Archive for the 'Movies' Category

Dean Koontz’s Hideaway on film

A while back I mentioned that I read Dean Koontz’s “Hideaway.” This book is yet another entry in his pantheon of mediocre horror fiction. There is an interesting author’s comment at the end which noted that the book was made into a film starring Jeff Goldblum and Alicia Silverstone. Interestingly, and rather boldly, Koontz was quite open in his condemnation for the film and he openly cringed at the various details and characters that had been changed from his book.

Now, even though I found the book quite forgettable, I’ve, ever since reading it, had an interest in seeing the film. Last night I discovered that it could be found in a collection of free movies available from my cable company so I checked it out. And it was quite awful. Not only was the plot, dialogue and pacing of the film insipid, but the film was rather shoddily made. For instance, there’s a scene when a knife goes into the chest of a certain character. However, the viewer could clearly see that it it was some kind of rubber knife that folded upon being rammed into the characters flesh. At a later point, Jeff Goldblum’s character drives his car up to a certain spot, and as the car moves closer, you can see a shadow of the head of one of the film crew cast against the fender. I mean, we’re talking amateur fresh-out-of-film-school type mistakes.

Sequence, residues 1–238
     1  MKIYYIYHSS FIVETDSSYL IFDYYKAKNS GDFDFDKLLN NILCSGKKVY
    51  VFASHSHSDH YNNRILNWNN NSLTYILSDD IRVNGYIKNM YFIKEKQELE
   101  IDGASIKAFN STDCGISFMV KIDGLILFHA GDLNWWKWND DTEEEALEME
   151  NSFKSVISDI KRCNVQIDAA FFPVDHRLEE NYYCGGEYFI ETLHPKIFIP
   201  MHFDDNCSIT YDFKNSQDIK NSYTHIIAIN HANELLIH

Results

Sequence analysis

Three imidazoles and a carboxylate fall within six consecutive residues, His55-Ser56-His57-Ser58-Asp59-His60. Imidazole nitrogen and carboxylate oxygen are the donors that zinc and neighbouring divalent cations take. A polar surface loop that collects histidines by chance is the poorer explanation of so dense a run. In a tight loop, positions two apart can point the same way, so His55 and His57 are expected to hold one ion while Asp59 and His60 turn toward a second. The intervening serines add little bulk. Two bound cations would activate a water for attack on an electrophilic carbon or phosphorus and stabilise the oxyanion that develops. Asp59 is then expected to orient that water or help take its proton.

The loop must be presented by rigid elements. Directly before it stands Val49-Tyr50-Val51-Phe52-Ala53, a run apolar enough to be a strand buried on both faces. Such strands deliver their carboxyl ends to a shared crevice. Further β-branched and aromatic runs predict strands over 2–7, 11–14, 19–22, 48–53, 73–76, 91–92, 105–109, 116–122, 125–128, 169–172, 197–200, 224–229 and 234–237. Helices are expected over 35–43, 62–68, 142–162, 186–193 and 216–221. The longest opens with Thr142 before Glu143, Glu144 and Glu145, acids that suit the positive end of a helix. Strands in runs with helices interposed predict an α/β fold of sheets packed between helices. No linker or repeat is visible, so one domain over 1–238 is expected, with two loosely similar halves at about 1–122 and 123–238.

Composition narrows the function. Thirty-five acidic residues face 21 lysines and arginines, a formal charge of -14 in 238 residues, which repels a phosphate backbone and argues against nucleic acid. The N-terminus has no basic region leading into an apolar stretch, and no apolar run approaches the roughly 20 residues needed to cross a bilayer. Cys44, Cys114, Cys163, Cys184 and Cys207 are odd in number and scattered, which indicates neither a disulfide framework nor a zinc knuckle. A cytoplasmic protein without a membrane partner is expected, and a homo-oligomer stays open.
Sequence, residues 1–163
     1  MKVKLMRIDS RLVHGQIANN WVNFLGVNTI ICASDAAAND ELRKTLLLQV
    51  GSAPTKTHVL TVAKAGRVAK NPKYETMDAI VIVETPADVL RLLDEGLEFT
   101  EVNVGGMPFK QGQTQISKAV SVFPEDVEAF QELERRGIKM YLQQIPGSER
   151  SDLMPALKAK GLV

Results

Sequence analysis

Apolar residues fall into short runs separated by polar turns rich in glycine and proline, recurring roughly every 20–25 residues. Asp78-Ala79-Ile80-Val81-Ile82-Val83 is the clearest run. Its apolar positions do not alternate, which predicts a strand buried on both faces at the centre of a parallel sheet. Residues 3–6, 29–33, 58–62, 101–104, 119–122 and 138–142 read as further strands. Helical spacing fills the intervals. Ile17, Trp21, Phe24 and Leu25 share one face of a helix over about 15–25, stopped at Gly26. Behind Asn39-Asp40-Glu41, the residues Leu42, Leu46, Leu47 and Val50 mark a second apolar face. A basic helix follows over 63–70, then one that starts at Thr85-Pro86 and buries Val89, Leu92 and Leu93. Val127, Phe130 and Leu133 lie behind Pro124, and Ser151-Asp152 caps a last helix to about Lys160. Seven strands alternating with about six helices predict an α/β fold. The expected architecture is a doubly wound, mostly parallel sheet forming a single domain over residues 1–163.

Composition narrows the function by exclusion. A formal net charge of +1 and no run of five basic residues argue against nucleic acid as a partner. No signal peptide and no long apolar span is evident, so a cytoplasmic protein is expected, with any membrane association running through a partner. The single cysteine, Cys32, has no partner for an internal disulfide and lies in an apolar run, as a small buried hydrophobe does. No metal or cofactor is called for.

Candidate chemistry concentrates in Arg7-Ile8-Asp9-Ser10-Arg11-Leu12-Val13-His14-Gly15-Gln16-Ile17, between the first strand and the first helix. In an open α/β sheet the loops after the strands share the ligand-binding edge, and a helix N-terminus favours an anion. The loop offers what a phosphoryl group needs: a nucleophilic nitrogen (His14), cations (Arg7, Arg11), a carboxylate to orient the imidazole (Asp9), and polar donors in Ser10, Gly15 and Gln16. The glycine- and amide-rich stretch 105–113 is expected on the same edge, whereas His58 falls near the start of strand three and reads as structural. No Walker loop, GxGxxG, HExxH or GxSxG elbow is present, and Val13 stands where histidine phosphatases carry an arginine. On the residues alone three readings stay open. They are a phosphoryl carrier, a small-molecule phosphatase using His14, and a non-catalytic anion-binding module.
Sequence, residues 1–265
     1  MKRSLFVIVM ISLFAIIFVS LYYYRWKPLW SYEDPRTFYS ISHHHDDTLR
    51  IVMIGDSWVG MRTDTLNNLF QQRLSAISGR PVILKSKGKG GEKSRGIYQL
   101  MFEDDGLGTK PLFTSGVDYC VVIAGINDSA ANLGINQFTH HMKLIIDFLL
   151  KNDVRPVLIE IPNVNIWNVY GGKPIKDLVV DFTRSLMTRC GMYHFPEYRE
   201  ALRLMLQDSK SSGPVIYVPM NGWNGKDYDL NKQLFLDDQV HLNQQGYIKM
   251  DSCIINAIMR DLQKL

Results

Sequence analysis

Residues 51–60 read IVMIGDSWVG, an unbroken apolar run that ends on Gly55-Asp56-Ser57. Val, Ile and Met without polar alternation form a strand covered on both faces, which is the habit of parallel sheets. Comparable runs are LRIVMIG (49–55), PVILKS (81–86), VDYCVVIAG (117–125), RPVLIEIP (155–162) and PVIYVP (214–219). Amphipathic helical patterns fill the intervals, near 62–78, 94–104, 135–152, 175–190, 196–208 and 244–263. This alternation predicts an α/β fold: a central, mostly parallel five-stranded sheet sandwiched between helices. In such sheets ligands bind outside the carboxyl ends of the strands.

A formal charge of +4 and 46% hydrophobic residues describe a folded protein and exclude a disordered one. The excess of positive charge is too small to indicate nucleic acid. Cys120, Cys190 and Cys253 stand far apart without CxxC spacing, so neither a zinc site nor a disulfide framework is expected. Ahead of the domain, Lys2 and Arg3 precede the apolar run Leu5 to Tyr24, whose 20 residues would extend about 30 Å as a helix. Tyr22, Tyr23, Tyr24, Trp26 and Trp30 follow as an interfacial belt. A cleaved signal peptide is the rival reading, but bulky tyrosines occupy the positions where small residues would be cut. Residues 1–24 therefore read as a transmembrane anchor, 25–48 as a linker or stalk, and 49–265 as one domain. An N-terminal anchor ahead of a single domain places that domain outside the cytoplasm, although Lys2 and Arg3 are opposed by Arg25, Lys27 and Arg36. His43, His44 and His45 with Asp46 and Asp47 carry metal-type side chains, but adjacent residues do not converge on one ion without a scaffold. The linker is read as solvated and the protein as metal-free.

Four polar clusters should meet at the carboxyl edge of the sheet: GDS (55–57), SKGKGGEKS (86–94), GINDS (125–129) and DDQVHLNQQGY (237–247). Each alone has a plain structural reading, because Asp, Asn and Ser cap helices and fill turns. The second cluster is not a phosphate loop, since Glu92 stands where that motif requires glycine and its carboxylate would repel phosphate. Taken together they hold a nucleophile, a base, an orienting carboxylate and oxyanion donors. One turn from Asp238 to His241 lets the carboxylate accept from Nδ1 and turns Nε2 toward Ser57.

So, if you’re like me and take pleasure in seeing others fail, you might enjoy this movie.

Whatever happened to Alicia Silverstone anyway?


During me and my mom’s recent trip to Scandinavia we stopped off at the Moderna Museet (Modern Museum) in Stockholm. There I saw a few minutes of what is considered the first Soviet science fiction film, “Aelita.” It’s a strange tale that involves a trip to Mars, and is both entrancing and rather comic. I dug up part of it on YouTube and am enclosing it here for your viewing enjoyment. This version has a funky modern soundtrack.

Cruising… on a Sunday afternoon

So, the news of the hour is, of course, that Katie Holmes is divorcing Tom Cruise. And part of the reason for the breakup seems to be that Tom is a raving lunatic Scientologist.

Now, like all right-thinking people, I think Scientologists are nuts. As such, I should be happy to see Cruise’s marriage and career fail.

But, I gotta tell you, I saw the new hard rock comedy/musical “Rock of Ages” yesterday and thought Cruise’s performance was pure genius. He plays a misanthropic mega rock star who’s lost all grip on reality but he does it with a brilliant wink at the audience.

This reminded me of the other great Cruise performance of recent years, that of misanthropic media executive Les Grossman in “Tropic Thunder.” I went youtubing, looking for a good sample of his role in that movie. The best I could come up with was some guy filming his television while the movie was playing. Nonetheless, it’s not bad.

So, yeah, Cruise is okay in my book.

The return of Grindhouse